out any other restriction or limnit than

that which is caused by our deficiencies to join. On these occasions, we sometimes think that we discover a little of

in the knowledge and use of their lanthat seriousness which is wont to prevail

guage. Yet our numbers are few, and in a Christian congregation, and hope,

are still diminishing. May the Lord with a trembling heart, that the Spirit of

give us all grace to do, as well as to the living God may be moving on these

pray, for the millions of China. dark minds, to convert them from the error of their ways. But hitherto we have not been permitted to see our hopes

Madras. realized in this respect, and can only pray, and ask our friends to pray, that

that LETTER FROM MR. WINSLOW, SEPTEMsuch glorious conquests of our great Re

BER 14, 1849. deemer may be soon witnessed in the It is known to the readers of the Herald that midst of this heathen people.

| the missions generally, hold an annual meeting at the time of the annual meeting of the Board. In, There were three or four candidates who regard to this meeting of the Madras mission, wished admission to the church at this Mr. Winslow writes as follows :

time; but it was thought best to defer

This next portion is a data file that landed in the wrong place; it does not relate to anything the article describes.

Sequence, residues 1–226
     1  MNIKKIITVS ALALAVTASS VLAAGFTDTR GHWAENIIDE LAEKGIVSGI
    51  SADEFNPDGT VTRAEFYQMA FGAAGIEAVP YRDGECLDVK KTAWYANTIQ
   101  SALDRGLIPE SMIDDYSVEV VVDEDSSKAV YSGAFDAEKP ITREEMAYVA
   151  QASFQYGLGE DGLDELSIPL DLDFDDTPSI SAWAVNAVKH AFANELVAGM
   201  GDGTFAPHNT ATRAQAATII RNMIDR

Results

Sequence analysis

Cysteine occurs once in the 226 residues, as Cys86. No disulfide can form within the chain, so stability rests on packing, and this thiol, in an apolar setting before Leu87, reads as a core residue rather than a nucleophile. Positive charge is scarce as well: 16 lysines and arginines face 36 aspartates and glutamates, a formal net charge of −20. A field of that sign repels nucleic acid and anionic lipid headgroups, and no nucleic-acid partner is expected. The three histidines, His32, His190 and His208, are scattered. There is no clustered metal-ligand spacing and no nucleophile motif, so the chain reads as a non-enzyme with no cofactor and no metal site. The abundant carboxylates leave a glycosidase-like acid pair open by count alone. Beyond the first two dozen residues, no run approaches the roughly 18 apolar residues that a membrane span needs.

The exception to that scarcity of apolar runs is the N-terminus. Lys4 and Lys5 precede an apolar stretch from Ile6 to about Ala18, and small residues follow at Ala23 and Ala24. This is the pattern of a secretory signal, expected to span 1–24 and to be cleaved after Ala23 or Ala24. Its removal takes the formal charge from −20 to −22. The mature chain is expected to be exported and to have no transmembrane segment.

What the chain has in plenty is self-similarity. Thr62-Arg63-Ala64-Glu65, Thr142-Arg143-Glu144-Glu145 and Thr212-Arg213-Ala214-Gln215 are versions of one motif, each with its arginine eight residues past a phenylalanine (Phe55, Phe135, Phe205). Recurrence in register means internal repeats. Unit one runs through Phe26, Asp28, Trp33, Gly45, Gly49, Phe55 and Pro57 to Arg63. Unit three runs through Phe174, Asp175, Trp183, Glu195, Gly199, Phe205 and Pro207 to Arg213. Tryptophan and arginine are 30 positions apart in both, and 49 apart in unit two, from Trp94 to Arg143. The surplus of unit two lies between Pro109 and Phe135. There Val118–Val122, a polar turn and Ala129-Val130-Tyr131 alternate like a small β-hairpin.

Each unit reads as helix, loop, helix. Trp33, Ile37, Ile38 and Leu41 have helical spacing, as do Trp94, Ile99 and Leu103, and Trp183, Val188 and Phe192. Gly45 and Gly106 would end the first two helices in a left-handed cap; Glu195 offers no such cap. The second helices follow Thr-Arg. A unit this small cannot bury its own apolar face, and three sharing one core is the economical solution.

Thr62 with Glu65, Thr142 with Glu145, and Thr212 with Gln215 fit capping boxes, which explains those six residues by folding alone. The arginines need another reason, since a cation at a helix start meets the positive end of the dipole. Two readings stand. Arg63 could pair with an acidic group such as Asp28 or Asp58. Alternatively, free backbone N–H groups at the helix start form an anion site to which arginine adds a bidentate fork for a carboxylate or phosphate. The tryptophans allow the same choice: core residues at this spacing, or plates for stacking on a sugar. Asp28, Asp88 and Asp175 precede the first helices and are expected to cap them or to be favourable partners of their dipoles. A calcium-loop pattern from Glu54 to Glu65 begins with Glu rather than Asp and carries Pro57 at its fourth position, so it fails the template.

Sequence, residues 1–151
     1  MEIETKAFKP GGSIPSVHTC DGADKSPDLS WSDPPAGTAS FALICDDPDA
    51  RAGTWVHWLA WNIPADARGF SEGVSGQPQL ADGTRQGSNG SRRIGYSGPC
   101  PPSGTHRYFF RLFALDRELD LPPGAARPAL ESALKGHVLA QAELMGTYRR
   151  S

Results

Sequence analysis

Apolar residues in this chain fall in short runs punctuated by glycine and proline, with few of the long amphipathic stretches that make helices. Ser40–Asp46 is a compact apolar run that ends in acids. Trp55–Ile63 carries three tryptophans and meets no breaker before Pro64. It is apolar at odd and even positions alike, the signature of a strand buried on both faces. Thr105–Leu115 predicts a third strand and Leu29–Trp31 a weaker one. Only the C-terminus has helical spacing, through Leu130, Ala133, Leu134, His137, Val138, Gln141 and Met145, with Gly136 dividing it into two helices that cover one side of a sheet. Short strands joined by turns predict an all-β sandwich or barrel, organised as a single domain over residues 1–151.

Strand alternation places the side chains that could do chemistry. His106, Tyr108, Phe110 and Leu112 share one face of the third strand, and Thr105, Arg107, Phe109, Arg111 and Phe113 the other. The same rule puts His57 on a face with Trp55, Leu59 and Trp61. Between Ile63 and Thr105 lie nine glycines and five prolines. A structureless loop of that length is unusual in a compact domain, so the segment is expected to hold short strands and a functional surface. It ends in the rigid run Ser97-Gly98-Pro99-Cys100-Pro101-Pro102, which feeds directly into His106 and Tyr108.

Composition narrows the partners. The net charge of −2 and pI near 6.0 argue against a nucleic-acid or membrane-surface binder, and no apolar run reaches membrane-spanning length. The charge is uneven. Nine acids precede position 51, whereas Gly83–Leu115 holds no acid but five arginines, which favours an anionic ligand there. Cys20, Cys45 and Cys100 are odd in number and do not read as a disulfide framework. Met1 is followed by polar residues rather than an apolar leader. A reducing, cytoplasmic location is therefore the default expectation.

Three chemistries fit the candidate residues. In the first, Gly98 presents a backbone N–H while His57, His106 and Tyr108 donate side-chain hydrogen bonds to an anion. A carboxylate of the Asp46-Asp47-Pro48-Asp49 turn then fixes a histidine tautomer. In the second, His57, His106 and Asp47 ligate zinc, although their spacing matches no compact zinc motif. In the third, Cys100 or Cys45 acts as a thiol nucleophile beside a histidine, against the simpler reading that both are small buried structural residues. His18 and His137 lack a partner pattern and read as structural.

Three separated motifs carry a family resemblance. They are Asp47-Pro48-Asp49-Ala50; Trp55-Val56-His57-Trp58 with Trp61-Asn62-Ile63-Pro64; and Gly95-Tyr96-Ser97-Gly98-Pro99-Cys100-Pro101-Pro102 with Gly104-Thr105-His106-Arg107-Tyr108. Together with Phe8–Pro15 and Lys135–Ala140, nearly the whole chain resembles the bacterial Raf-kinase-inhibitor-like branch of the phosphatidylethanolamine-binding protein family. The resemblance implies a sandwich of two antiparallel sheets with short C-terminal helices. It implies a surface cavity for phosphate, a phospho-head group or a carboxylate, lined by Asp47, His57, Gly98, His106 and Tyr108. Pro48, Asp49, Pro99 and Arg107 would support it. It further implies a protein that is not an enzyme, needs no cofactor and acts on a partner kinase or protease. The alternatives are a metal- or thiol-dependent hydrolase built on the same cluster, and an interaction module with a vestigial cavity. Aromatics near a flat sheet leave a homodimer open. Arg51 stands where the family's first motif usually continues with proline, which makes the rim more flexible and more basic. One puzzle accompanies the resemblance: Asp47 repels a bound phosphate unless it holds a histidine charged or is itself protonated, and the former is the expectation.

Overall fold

their admission to another season. Yesterday was our annual meeting, held at Chintadrepettah, in unison with our fathers and brethren in America, and all parts of the world where your mis

Madura. sions are established. The preceding evening we had our annual united feast, LETTER FROM MR. MUZZY, JULY 1, when the different classes of our church

1849. were together and enjoyed a social repast, with singing, prayers, and volun Notice of a Native Christian. tary addresses. Three of the native

Mr. Muzzy mentiops the death of an aged brethren spoke, much to the purpose, on native member of the church, named Parkeanarthe benefits of such social intercourse in

than, and gives the following account of him, the promotion of brotherly love, and in

which will be read with interest. doing away the caste distinctions so injurious to the church in this country. He was a respectable trader of the Mr. Muzzy, from Madura, also gave merchant, or high velalah caste, and some account of a similar social enter- lived in the village of Coodahreperttee, tainment there, last year, and of the about three miles from our congregation difficulties of their mission from caste. of Moomcorlum, and fifteen from here. Mr. Henry M. Scudder and myself also He had a family of eight children, nearly made some remarks. The evening was all of whom were married when I first pleasantly and profitably spent.